Non-inclusive brands are taking up most of the space in conversations about inclusivity. Where does that leave us?

5 min readJun 4, 2021


This year has been a watershed moment in my career. For the first time in my 11 years as a brand strategist, nearly all of the briefs that I’ve worked on have had an eye towards sustainability or DE&I.

There is real intention from nearly every agency and brand manager to do good, to use their media, money and manpower to be part of the solution rather than the problem.

This is enormously energizing and makes me so optimistic for the future.

And yet the problem is, we’re not there.

I don’t mean that in the sense of like, we’re not there, but we’re on the road. I mean it in the sense of like, we’re not systemically set up to deliver the promises we want to make, so most of the time we end up making stuff as marketers that muddies the waters more than it helps the causes we want to fight for.

Take pride for example. Yes, being queer, I do have a vested interest in this topic.

It usually starts like this: well-intentioned, cis-heterosexual brand manager at a mass brand, let’s call her Stacey, convinces her boss to do something for pride. She wants to give back, she wants to prove to herself she’s not blindly commercial or a performative ally. She’s heard many times purpose brands also do better in business, and she uses this argument to get budget from her boss.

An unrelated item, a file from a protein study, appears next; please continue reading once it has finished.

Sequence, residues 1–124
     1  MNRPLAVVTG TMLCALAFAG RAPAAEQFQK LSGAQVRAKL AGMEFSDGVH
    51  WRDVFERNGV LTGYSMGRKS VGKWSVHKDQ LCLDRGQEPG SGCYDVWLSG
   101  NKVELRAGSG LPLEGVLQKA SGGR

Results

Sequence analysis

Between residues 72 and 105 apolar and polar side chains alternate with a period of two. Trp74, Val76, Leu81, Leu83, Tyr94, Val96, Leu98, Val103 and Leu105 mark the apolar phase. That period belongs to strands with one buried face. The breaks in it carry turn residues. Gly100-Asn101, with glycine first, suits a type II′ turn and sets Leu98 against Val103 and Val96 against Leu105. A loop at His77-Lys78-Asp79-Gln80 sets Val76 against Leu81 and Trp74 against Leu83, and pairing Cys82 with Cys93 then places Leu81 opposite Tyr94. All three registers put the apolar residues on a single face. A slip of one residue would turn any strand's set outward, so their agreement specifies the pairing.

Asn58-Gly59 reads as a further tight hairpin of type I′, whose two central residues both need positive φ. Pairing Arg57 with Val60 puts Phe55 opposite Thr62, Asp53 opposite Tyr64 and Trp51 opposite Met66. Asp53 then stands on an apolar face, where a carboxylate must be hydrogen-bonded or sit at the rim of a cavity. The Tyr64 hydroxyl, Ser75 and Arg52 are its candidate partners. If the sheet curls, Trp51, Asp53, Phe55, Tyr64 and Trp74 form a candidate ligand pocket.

Her boss agrees, Stacey gets 300k to make something for pride, and feels excited. She tells her friends she’s so happy she can use her brand’s money for good.

She briefs her creative agency, stressing the importance of real brand action sitting at the heart, and real queer creators being central as talent. They are excited as well.

The agency, also a mostly heterosexual team with one queer member, comes back, has their queer team member present the work, and explains pride shouldn’t be a priority once a year, but a longer term commitment.

They pitch ideas for the brand to start an initiative. To give back. And make a brand film to introduce it, in partnership with (and featuring) queer creators.

But Stacey only has 300k. And it would be a stretch for her brand, a mass brand, to all of a sudden make a huge commitment for the queer community. After all, they haven’t historically been credible in LBTQI+ issues and she’s worried about becoming the next Pepsi/Kendall Jenner. She definitely won’t be able to get an approval from her boss to make a donation in time, either. It was already a big deal she got the 300k.

So Stacey gives the agency feedback to scale the idea back. She wants them to still make a brand film, because she has 300k for that, and feature real queer talent.

The agency is annoyed, but ultimately still excited they get to produce the film.

They produce it, the film looks amazing, Stacey’s brand gets kudos, the film gets some attention during pride. And then they all go back to business as usual.

In theory this is a positive step.

Queer creators got cash, incremental awareness was raised.

But there is a deeper problem.